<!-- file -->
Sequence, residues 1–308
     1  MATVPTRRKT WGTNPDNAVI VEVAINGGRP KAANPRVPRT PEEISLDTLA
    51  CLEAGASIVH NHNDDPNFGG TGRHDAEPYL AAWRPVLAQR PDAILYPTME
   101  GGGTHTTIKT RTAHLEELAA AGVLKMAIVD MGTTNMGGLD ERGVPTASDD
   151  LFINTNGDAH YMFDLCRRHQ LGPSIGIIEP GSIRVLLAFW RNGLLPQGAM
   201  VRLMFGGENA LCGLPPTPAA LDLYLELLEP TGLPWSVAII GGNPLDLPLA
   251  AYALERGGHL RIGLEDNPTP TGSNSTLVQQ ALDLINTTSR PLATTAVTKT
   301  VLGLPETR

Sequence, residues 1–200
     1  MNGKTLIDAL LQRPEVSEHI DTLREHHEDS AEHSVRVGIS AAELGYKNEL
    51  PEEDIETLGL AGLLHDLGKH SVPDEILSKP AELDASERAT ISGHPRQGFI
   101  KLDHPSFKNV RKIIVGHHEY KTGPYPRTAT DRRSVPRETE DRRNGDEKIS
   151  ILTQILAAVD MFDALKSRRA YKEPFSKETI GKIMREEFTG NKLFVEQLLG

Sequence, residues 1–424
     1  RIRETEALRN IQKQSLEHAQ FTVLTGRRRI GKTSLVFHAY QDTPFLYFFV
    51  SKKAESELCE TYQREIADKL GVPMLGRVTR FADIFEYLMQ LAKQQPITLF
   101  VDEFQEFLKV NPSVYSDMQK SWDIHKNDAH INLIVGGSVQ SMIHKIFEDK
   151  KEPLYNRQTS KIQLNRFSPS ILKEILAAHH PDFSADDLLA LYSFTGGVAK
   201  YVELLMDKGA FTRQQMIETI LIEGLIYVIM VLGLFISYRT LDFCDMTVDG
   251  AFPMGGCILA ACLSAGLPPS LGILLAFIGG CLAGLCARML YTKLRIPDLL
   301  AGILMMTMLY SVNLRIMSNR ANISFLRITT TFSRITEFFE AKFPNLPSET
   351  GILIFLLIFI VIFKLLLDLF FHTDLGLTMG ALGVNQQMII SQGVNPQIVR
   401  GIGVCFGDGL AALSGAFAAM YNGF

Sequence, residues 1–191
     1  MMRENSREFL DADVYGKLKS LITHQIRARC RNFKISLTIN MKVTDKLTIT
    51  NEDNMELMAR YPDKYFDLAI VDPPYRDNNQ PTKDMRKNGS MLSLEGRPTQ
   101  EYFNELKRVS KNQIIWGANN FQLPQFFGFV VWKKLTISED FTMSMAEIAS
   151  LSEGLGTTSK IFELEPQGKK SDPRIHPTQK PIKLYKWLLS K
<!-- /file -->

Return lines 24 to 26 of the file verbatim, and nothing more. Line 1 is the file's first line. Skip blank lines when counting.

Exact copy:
Sequence, residues 1–191
     1  MMRENSREFL DADVYGKLKS LITHQIRARC RNFKISLTIN MKVTDKLTIT
    51  NEDNMELMAR YPDKYFDLAI VDPPYRDNNQ PTKDMRKNGS MLSLEGRPTQ